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Title:Street fight video exposure, affective response, racial judgments, and criminal sentencing recommendations: A study on non-fictional and non-news mediated violence
Author(s):Weeks, Kristopher Robert
Director of Research:Dixon, Travis L
Doctoral Committee Chair(s):Dixon, Travis L
Doctoral Committee Member(s):Tewksbury, David H; Althaus, Scott L; Vargas, Patrick
Department / Program:Communication
Degree Granting Institution:University of Illinois at Urbana-Champaign
Subject(s):Street fight
affective-cognitive domain
grounded theory
media effects
criminal sentencing
cognitive bias
social identity theory
affective disposition theory
racial identity
multiculturalism, ethnocentricity, self-assurance, ethnic racial salience
Abstract:Street fight videos (SFVs) pervade online media platforms such as YouTube. Yet SFVs have evaded rigorous academic study. Spurred by racial tensions in the United States, I propose a theoretically grounded and original model, the media affect-alignment bias model (MAAB-M) to investigate the affective and cognitive effects of interracial SFV exposure. MAAB-M aims to contribute to media researchers’ theoretical and practical approach to investigating intergroup conflict media across varying contexts. MAAB-M predicts viewers’ affective responses to SFV exposure will influence their racial ingroup identification levels and, in turn, their criminal punishment recommendations for racial outgroup SFV fighters. The model is informed by several social scientific theories referenced by media, identity, and social cognition scholars. Via social identity theory, exposure to racial outgroup SFV fighters will prime threat cognitions. Depicted racial outgroup victories will reinforce threat cognitions. Additionally, via disposition theory, viewers will affectively align (or emotionally attach) themselves to SFV fighters of their own race and vilify racial outgroup fighters. Both theories support the notion that exposure to racial ingroup victories will increase viewers’ positive affective states. Likewise, exposure to racial outgroup victories will increase viewers’ negative affective states. Increased positive affect is predicted to increase viewers’ desire to enjoy cognitive rewards related to their racial ingroup identification, leading to an increase in viewers’ racial ingroup identification. Increased negative affect is predicted to increase viewers’ need to mitigate perceptions and feelings of threat toward their group identity, also leading to an increase in their racial ingroup identification. MAAB-M also predicts that increased racial ingroup identification will increase viewers’ negative perceptions of racial outgroup SFV fighters, leading viewers to recommend increased criminal sentencing recommendations for these fighters. Within the MAAB-M model, cultivated fear, SFV enjoyment, group-level affect toward outgroups, and heuristic and systematic cognitive processing modes are considered. Three studies comprise this dissertation. First, a qualitative focus group study explores the validity of MAAB-M’s conceptual approach to SFV study. Afterward, two experiments assess SFV exposure effect via moderated mediation analyses. Ultimately, the studies found that exposure to interracial SFVs led to decreased self-assurance. In turn, multicultural inclusion tendencies increased for White undergraduate students. Also, multicultural inclusion tendencies decreased ethnocentric and ethnic-racial salience tendencies in Black and White adults nationwide. Additionally, increased cultivated fear reduced the negative relationship between SFV exposure and self-assurance in the national adult sample. The findings suggest that the concepts of self-assurance, multicultural inclusion tendencies, ethnocentricity, and ethnic-racial salience should inform future SFV studies.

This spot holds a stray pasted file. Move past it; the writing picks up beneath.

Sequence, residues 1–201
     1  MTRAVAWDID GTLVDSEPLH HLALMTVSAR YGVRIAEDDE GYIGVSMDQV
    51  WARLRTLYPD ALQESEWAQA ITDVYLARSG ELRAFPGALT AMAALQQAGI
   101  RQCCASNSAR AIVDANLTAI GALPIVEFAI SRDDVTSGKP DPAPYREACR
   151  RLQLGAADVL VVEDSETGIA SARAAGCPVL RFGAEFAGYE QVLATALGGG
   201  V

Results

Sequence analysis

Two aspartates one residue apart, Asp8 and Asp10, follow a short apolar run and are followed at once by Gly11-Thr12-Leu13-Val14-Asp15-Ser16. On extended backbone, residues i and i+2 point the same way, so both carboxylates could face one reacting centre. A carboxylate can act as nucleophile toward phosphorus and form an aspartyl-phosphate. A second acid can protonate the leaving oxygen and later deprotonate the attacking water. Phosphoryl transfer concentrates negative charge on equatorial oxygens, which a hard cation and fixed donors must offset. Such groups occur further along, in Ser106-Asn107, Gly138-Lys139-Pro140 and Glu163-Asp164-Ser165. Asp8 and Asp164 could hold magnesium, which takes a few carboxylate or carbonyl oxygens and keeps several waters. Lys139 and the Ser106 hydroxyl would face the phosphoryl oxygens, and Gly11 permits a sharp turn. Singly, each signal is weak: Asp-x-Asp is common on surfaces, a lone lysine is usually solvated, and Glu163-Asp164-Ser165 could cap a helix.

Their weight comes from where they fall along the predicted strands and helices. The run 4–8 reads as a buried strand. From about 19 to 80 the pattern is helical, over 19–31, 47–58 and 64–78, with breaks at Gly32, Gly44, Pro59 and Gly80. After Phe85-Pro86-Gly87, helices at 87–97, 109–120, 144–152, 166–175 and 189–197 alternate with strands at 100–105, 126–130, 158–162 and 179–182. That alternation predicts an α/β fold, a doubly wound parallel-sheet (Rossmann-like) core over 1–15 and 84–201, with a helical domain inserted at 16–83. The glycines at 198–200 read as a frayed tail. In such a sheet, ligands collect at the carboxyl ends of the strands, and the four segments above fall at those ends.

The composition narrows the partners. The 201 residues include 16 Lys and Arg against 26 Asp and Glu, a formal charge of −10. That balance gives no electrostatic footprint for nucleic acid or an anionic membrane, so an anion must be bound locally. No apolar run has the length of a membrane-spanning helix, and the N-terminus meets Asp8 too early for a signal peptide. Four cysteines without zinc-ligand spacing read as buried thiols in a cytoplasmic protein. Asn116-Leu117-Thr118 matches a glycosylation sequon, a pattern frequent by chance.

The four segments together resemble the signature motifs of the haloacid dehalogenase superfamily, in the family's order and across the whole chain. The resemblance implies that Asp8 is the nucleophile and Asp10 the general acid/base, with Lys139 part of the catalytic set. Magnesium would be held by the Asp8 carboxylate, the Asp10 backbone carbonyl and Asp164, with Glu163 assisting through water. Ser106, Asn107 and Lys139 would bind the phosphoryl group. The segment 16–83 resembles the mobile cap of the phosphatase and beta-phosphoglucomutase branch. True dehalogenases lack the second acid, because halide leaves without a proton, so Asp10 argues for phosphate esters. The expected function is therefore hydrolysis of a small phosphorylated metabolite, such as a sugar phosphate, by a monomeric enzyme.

Issue Date:2020-10-06
Rights Information:Copyright 2020 Kristopher Weeks
Date Available in IDEALS:2021-03-05
Date Deposited:2020-12

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